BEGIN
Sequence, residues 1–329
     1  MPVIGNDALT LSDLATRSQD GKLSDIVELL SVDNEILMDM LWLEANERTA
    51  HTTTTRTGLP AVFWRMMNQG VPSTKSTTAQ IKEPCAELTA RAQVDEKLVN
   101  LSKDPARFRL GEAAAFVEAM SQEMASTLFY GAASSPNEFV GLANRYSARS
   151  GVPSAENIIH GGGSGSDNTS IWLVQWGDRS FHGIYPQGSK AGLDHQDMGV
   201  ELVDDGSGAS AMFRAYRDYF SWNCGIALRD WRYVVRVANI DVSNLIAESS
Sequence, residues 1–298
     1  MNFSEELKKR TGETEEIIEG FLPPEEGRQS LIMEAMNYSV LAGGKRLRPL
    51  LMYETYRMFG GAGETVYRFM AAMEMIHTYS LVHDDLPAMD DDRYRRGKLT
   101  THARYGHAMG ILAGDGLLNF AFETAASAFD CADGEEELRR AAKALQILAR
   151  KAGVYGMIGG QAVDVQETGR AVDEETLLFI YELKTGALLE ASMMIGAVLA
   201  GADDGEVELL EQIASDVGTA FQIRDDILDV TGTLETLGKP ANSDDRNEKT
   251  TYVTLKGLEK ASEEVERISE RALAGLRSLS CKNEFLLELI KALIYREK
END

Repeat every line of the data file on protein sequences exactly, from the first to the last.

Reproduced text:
Sequence, residues 1–329
     1  MPVIGNDALT LSDLATRSQD GKLSDIVELL SVDNEILMDM LWLEANERTA
    51  HTTTTRTGLP AVFWRMMNQG VPSTKSTTAQ IKEPCAELTA RAQVDEKLVN
   101  LSKDPARFRL GEAAAFVEAM SQEMASTLFY GAASSPNEFV GLANRYSARS
   151  GVPSAENIIH GGGSGSDNTS IWLVQWGDRS FHGIYPQGSK AGLDHQDMGV
   201  ELVDDGSGAS AMFRAYRDYF SWNCGIALRD WRYVVRVANI DVSNLIAESS
Sequence, residues 1–298
     1  MNFSEELKKR TGETEEIIEG FLPPEEGRQS LIMEAMNYSV LAGGKRLRPL
    51  LMYETYRMFG GAGETVYRFM AAMEMIHTYS LVHDDLPAMD DDRYRRGKLT
   101  THARYGHAMG ILAGDGLLNF AFETAASAFD CADGEEELRR AAKALQILAR
   151  KAGVYGMIGG QAVDVQETGR AVDEETLLFI YELKTGALLE ASMMIGAVLA
   201  GADDGEVELL EQIASDVGTA FQIRDDILDV TGTLETLGKP ANSDDRNEKT
   251  TYVTLKGLEK ASEEVERISE RALAGLRSLS CKNEFLLELI KALIYREK